The dead-end road has not had a house on it in years and has only recently been used by the Burns brothers for farmland access. However, the town did some work on the road last year and state law says that a road can only abandoned if it has gone six years without any maintenance work being done, Stevens said.
The Finger Lakes Land Trust is also seeking a PDD approval for a small corridor starting off of the east side of Route 41 and extending to Ripley Hill nature preserve, a 118-acre preserve owned by the Central New York Land Trust. The corridor is intended to be used for a hiking trail to connect Route 41 to the preserve, which is undeveloped aside from a season dirt road that runs through the property.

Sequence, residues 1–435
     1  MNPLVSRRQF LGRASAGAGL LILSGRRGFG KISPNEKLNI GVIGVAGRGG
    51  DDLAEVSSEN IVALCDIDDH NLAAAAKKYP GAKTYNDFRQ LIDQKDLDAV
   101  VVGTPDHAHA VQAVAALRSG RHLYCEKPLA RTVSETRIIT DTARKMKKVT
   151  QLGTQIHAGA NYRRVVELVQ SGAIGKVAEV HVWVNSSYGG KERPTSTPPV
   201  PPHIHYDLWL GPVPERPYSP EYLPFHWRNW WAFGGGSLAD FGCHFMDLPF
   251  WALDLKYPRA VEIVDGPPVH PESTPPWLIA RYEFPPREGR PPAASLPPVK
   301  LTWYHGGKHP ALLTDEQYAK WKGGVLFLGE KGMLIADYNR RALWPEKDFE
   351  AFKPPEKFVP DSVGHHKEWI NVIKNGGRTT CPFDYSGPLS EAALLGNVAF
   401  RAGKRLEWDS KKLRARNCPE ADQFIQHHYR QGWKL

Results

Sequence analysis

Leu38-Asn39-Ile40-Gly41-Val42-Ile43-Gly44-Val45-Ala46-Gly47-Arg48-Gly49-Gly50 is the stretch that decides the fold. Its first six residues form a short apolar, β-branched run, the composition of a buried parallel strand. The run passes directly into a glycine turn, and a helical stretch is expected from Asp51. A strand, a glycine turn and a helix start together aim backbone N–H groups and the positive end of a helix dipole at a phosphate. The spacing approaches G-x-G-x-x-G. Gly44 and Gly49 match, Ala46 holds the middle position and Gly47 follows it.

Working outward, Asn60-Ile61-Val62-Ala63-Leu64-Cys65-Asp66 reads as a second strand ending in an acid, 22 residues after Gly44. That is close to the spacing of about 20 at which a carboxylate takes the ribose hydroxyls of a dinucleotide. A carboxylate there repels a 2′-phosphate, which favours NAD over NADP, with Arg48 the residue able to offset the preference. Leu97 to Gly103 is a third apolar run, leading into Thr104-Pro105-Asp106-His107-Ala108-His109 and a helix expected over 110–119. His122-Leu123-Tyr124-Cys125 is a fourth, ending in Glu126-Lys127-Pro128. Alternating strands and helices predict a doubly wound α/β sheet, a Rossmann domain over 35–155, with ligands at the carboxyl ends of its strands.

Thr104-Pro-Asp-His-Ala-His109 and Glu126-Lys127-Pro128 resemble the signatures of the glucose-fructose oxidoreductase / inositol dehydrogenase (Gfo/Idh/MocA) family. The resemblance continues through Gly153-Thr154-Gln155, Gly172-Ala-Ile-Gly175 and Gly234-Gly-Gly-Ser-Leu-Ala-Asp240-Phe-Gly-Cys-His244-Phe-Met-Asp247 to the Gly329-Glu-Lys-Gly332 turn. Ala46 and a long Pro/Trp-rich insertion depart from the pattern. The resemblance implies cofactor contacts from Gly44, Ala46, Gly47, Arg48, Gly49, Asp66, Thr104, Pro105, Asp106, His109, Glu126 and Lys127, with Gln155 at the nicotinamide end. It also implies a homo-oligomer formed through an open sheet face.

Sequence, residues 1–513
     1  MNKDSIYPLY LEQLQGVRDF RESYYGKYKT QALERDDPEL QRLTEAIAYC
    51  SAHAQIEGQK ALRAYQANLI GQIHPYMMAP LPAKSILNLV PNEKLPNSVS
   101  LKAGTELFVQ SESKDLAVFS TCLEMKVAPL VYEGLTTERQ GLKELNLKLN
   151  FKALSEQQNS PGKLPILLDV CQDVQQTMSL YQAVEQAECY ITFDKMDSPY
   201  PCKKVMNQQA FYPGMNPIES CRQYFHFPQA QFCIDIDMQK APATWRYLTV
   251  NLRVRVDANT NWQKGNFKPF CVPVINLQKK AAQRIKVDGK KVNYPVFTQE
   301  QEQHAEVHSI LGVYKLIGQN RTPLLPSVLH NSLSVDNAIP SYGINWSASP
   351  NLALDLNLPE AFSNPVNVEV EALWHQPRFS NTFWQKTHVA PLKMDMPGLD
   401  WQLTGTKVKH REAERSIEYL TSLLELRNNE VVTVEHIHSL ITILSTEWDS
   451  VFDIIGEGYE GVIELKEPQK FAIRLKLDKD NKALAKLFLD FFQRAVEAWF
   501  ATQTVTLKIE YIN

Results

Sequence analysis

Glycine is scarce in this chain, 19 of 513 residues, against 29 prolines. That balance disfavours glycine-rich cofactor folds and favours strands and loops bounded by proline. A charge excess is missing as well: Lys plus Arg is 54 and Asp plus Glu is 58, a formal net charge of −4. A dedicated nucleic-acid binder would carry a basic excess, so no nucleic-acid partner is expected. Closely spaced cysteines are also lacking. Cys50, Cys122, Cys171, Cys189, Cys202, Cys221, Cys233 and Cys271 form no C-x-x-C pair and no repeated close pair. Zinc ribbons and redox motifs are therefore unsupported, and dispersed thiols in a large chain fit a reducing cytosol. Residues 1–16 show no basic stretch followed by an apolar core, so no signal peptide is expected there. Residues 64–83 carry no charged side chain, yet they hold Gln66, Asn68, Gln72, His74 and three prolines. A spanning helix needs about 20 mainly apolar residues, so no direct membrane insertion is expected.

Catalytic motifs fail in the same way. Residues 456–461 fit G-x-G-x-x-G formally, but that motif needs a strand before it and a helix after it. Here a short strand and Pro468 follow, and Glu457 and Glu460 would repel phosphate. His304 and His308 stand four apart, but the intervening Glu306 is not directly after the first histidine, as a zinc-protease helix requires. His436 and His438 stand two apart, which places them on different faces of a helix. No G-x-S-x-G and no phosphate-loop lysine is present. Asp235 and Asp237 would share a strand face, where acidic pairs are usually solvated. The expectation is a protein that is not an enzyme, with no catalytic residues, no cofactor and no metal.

The corridor was also purchased from the Burns brothers, but must be its own PDD because it is not connected to the other lands, Stevens said.
These purchases and easement are the beginning of an ongoing land trust initiative it first announced in May to conserve land around Skaneateles Lake.
“This will be the single largest link in a greenbelt that would extend around the southern half of Skaneateles Lake,” Zepp said.
The greenbelt would potentially include a hiking trail that would connect the new land in Spafford to Bear Swamp State Forrest a recreational area in Cayuga County to the west of Skaneateles Lake.
The idea for the trail originated in 2009, and though much work remains to be done to make it a reality, the new land acquisition in Spafford is a good starting point, Zepp said.
Joe Genco is the editor of the Skaneateles Press. He can be reached at firstname.lastname@example.org.